You might remember 29-year-old millennial woman entrepreneur Avi Loren Fox from her first successful 2014 Kickstarter campaign for the Alpaca Mantle, which was 133% funded--ringing in a total $39,827. Now, after listening to her customers who said, "We want a mantle for summer!" she is back on Kickstarter, this time with her Summer Collection. And, like her previous Kickstarter campaign, this one is on track for success. In the first 12 days, the campaign raised $23,114 of the $44,000 goal.
As Avi approaches the last two weeks of her campaign, she shares her top-3 tips for gaining the exposure you need to successfully fund a project of any size.
The words that follow are all hers.
1. Identify your true believers.
Going into any Kickstarter, it is important to identify your true believers--the family and friends who will show up for you be the first to vote for what you are doing. Make a list of these people! Discuss the campaign with them ahead of time and ask for their support--either as a backer or by sharing the campaign with friends. Your true believers will get the party started, so that others go "Hey, that looks fun, and look how many people already supported this!" and then they want to join the fun too.
2. Strategize referral streams.
According to Tim Ferris, the top-5 most common referral streams to a Kickstarter campaign are 1) Facebook 2) Direct traffic (primarily via email), 3) Twitter, 4) Kickstarter and 5) Blogs. Come up with a strategy for how you are going to get the word out through each of these venues each and every DAY. While Tim wrote this article some time ago, I've noticed that in 2016, the conversion rate from Facebook fell significantly when compared to 2014. After talking with friends who had live campaigns, we realized that this was due to the new algorithms and monetization of Facebook. Not everyone sees what everyone else posts anymore, which really affects grassroots efforts. Takeaway? Understand the different referral streams and not only how they work traditionally, but how they work today in light of a changing internet. And then, be creative and find a way to use that to your advantage. For me, I hosted two launch parties in NYC and Philly for my Summer Collection, which ended up bringing in the majority of funding we have so far.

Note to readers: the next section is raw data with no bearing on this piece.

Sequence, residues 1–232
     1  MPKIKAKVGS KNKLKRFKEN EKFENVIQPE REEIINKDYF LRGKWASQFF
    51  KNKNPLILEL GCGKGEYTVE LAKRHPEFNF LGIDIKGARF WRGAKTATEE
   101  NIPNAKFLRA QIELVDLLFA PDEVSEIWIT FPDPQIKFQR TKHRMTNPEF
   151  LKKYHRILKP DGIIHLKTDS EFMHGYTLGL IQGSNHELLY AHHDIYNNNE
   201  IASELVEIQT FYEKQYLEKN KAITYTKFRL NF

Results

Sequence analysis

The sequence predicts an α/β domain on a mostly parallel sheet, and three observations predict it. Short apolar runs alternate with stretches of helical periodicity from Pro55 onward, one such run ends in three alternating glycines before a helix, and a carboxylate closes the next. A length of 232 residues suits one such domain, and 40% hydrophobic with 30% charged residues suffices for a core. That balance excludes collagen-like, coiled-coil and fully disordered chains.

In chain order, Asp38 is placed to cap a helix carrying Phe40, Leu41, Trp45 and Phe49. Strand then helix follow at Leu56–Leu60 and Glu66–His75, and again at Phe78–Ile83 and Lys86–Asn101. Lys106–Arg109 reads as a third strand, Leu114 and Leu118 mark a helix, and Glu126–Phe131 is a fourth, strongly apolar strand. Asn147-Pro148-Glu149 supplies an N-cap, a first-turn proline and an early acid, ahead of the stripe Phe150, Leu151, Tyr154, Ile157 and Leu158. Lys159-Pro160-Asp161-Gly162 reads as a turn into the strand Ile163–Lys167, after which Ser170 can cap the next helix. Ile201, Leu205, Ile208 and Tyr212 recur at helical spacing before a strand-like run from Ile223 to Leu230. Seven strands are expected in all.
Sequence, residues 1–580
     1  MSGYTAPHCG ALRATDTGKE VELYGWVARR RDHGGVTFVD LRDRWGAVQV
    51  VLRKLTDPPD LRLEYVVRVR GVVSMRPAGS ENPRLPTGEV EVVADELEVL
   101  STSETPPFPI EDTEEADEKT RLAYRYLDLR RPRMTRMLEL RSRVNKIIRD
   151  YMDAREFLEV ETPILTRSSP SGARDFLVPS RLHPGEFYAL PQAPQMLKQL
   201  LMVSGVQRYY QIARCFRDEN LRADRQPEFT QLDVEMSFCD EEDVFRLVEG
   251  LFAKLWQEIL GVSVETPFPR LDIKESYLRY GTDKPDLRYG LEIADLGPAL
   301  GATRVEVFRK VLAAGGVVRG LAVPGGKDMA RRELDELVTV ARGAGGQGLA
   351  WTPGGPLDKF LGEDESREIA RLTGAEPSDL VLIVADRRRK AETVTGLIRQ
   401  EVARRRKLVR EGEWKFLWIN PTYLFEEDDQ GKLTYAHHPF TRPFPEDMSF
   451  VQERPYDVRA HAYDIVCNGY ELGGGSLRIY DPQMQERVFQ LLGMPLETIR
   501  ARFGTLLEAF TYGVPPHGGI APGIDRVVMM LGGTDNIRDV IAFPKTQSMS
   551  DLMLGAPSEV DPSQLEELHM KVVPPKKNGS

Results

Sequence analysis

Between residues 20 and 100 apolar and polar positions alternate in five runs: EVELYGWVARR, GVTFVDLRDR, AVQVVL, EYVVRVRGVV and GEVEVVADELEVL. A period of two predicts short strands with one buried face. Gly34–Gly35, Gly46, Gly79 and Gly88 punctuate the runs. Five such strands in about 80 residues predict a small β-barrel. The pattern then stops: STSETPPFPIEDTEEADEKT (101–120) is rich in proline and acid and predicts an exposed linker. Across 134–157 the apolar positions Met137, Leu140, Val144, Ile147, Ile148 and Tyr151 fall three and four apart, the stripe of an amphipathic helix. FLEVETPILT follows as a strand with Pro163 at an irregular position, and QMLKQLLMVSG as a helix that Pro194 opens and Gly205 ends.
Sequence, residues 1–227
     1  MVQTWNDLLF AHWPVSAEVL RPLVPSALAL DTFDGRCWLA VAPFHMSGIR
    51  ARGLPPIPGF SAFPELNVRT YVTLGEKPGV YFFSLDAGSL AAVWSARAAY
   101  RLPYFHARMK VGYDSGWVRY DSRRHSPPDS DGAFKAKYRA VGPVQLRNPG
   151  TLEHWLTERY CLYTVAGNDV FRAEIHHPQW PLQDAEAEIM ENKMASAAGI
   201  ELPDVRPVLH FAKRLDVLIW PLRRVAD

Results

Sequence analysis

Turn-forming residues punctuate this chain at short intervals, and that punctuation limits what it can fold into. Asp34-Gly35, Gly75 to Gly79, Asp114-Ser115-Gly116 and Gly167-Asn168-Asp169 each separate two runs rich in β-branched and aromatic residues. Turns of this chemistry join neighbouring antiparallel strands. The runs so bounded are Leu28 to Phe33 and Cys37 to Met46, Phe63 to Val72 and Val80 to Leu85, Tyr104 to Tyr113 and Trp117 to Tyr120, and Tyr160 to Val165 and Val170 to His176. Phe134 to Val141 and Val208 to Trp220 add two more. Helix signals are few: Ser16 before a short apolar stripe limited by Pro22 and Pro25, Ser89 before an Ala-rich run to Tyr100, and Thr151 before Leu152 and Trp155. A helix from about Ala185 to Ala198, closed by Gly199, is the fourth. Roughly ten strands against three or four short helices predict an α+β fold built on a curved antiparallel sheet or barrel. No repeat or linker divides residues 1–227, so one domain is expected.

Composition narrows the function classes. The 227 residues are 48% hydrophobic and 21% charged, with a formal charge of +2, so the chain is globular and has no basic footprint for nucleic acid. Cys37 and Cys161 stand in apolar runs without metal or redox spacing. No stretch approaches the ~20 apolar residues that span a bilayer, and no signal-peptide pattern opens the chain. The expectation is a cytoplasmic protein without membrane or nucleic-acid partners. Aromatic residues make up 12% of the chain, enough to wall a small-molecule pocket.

3. Experiment with magic.
Sometimes, all it takes is a tweet to an editor or influencer to blow up your campaign. While I truly believe you should come up with a practical strategy to gain backers for 100% of your campaign, I also believe that sometimes it takes a little magic to really reach the finish line. Be creative. Think about who you know who might have a friend with a lot of followers who might also LOVE your project or product. Use the compelling photos and video from your campaign to entice people to join your project. Don't be afraid mid-campaign to experiment and try different things to see what works. If you're doing a Kickstarter the second time around, it may be different than the first time. Be open, creative and resourceful.
You got this!